When Vestager was asked if companies from outside the EU, such as Tesla, could benefit from this funding she said that this was possible and showed that the EU was committed to open strategic autonomy and welcomes non-EU firms when they have the right projects.

The Vice-President for Foresight, Maroš Šefčovič, said: “The Commission has given its green light to a second important project of the common European interest in the field of batteries. Technology is vital for our transition to climate neutrality. The figures show what an enormous undertaking this is. It involves twelve member states from North, South, East and West, injecting up to €2.9 billion euros in state aid in support of 46 projects designed by 42 companies, which in turn will generate three times as much private investment. "

The project will cover the entire battery value chain: extraction of raw materials, design and manufacturing of battery cells, recycling and disposal. It is expected to contribute to the development of a whole set of new technological breakthroughs, including different cell chemistries and novel production processes, and other innovations in the battery value chain, in addition to what will be achieved thanks to the first battery IPCEI.

 

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coronavirus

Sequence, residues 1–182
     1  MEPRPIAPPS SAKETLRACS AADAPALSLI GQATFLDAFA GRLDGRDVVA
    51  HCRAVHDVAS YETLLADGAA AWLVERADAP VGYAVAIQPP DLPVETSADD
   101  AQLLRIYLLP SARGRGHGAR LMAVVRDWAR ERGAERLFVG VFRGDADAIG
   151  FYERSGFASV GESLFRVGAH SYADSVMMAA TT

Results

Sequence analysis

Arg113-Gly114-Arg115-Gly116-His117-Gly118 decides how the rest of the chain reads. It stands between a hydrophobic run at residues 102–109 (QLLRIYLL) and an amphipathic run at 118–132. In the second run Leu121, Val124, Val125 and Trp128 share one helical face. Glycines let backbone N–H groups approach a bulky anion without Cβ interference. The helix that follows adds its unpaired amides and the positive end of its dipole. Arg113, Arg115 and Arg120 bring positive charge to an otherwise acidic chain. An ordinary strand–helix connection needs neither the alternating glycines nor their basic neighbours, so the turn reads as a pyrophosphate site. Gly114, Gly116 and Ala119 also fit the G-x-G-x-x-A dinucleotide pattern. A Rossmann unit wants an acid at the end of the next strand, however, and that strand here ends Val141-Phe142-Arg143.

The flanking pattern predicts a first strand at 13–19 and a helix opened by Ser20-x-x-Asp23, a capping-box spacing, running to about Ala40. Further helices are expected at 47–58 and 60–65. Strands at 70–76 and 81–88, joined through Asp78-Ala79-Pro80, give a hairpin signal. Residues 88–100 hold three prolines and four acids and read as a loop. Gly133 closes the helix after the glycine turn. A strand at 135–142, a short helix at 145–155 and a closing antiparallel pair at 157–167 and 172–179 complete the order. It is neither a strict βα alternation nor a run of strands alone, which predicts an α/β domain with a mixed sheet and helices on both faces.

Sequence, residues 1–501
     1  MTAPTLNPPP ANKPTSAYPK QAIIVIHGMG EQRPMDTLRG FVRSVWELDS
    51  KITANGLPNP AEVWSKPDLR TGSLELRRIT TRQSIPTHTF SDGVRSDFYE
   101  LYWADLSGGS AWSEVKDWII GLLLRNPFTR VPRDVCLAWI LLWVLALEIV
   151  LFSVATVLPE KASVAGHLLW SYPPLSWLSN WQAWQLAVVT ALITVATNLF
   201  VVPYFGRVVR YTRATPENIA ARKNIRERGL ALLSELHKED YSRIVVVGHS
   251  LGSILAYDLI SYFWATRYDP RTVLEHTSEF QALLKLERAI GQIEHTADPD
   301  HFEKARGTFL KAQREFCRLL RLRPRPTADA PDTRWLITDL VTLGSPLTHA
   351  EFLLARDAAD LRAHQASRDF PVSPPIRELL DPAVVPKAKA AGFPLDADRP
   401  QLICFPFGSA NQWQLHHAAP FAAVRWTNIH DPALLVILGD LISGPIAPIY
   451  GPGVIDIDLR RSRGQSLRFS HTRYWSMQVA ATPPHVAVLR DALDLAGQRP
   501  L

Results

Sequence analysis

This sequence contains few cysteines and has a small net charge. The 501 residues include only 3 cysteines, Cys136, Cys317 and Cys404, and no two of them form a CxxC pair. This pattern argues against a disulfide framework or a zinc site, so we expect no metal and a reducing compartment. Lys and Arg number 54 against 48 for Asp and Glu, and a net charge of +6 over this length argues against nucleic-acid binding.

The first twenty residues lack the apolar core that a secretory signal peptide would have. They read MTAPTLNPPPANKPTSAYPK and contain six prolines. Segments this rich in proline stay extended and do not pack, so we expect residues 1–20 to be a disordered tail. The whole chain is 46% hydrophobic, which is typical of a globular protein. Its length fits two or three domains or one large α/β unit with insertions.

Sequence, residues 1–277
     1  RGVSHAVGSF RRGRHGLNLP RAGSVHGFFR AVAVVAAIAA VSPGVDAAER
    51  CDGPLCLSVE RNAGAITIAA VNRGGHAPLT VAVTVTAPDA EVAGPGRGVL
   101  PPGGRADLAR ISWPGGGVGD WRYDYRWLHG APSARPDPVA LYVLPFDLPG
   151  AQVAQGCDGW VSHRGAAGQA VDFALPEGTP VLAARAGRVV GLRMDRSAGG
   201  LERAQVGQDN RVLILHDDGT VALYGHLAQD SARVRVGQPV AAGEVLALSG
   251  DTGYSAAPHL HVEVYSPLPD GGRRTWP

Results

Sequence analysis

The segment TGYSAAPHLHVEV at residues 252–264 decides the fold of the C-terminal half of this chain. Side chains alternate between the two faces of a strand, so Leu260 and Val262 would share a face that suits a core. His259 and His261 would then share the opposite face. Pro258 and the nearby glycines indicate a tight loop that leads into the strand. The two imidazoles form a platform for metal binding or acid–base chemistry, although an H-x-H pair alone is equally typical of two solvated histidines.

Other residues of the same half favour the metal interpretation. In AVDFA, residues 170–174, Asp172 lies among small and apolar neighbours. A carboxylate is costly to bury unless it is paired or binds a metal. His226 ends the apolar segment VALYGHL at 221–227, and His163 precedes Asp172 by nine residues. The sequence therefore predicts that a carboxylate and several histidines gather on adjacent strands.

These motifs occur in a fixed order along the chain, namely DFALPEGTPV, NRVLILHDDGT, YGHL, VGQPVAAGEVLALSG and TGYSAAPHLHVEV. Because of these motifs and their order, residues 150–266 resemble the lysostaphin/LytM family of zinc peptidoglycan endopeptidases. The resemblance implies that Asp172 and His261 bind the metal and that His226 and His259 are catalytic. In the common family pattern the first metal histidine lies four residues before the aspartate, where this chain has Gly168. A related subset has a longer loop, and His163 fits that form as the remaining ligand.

EU urges AstraZeneca to speed up vaccine deliveries amid 'supply shock'

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The European Union has urged AstraZeneca to find ways to swiftly deliver vaccines after the company announced a large cut in supplies of its COVID-19 shot to the bloc, as news emerged the drugmaker also faced supply problems elsewhere, write and

In a sign of the EU’s frustration - after Pfizer also announced supply delays earlier in January - a senior EU official told Reuters the bloc would in the coming days require pharmaceutical companies to register COVID-19 vaccine exports.

AstraZeneca, which developed its shot with Oxford University, told the EU on Friday it could not meet agreed supply targets up to the end of March, with an EU official involved in the talks telling Reuters that meant a 60% cut to 31 million doses.

“We expect the company to find solutions and to exploit all possible flexibilities to deliver swiftly,” an EU Commission spokesman said, adding the head of the EU executive Ursula von der Leyen had a call earlier on Monday with AstraZeneca’s chief Pascal Soriot to remind him of the firm’s commitments.

A spokesman for AstraZeneca said Soriot told von der Leyen the company was doing everything it could to bring its vaccine to millions of Europeans as soon as possible.

News emerged on Monday that the company faces wider supply problems.

Australia’s Health Minister Greg Hunt told reporters AstraZeneca had advised the country it had experienced “a significant supply shock”, which would cut supplies in March below what was agreed. He did not provide figures.

Thailand’s Health Minister Anutin Charnvirakul said AstraZeneca would be supplying 150,000 doses instead of the 200,000 planned, and far less than the 1 million shots the country had initially requested.

AstraZeneca declined to comment on global supply issues.

The senior EU official said the bloc had a contractual right to check the company’s books to assess production and deliveries, a move that could imply the EU fears doses being diverted from Europe to other buyers outside the bloc.